I would like to add gusseting to the swingarm pivot on my next frame after all this mess to avoid cracking in the future. Again, not sure if the pinholes in the weld were there before the wreck, exacerbated during racing and made worse with the wreck. Or, if they occurred after racing a braced frame and opened up after the wreck.

Cool project though, I like the tank. I'm probably going to get my pivot fixed and put the frame back on the street since I have the title to it. Use another untitled frame for racing.


Tony Read
AHRMA 176
'73 T140V
Re: T140 cafe project, cont. [Re: BikeVice] #363212
03/15/11 7:06 pm
03/15/11 7:06 pm
Joined: Dec 2007
Posts: 128
fowler , ohio
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oleblu72 Offline
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fowler , ohio
I have a 73 that has an ugly looking weld at the bottom of the main tube (oil tank) look's like it was arc welded.

Mark

Re: T140 cafe project, cont. [Re: t.read] #363252
03/15/11 9:40 pm
03/15/11 9:40 pm
Joined: Jul 2006
Posts: 1,113
Westminster, MD, USA
J
J. Charles Smith Offline OP
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J

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Westminster, MD, USA
t.read, so far as I know, what needs bracing is the swingarm pivot, not the seat tubes, so getting as close as possible to the swingarm bolt should be best. (Tom Sharp mentioned once that it did help to put a crosstube underneath the seat to prevent cracking up there, but only for racing, and only for the very fastest guys - not me even in my heyday!) I would certainly be interested in other people's thoughts on this.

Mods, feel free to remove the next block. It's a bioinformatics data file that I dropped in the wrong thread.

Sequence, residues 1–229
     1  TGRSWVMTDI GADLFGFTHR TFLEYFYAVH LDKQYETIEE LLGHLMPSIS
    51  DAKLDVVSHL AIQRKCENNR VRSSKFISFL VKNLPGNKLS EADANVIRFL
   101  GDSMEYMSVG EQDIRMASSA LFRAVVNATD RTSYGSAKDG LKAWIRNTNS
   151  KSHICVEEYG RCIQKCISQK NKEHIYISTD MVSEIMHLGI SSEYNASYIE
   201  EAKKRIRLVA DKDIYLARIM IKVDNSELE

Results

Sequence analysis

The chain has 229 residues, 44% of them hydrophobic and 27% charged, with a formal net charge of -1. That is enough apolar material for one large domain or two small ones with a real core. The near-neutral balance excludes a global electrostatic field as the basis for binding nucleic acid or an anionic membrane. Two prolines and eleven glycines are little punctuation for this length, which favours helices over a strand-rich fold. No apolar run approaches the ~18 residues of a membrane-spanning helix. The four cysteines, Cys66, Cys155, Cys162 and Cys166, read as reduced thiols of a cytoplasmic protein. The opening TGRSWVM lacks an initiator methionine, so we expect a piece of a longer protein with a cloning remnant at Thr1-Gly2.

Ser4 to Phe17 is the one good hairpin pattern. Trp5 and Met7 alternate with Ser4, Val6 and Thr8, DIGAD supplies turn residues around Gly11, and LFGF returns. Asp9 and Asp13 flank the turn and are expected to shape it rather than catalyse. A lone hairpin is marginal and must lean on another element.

Re: T140 cafe project, cont. [Re: J. Charles Smith] #363280
03/15/11 11:27 pm
03/15/11 11:27 pm
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Posts: 47
hendersonville NC
speedfiend Offline
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hendersonville NC
Great looking progect, J. Charles

Hey, sorry to hijack your thread, but while we're on the subject of cracking OIF's; Do the oily frame BSA suffer from the same issue? I've had personal expierance with the Triumphs cracking, but haven't heard of it on the BSA's. Is this b/c of the slight diffrences of the frame or just the lower production numbers?

Should I think about bracing my 71 T-bolt before it becomes a problem?

Re: T140 cafe project, cont. [Re: speedfiend] #363288
03/15/11 11:55 pm
03/15/11 11:55 pm
Joined: Jul 2006
Posts: 1,113
Westminster, MD, USA
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J. Charles Smith Offline OP
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Westminster, MD, USA
If you are anything like your screen name, Speedfiend, you should brace your BSA! My understanding is the the Triumphs have almost no swingarm pivot problems compared to the BSA OIFs. I think it has to do with the outboard engine-to-frame plates that the swingarm bolt goes through. I have no personal experience with this, though.

Re: T140 cafe project, cont. [Re: J. Charles Smith] #363305
03/16/11 1:16 am
03/16/11 1:16 am
Joined: Dec 2010
Posts: 47
hendersonville NC
speedfiend Offline
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Well shucks! I knew that was coming. Of course I would discover these concerns only AFTER I just had my frame powdercoated. Oh well,I was looking for a reason to tear it down. Its smoking a bit on one side and I have a set of alloy hoops to lace up. Here I go again...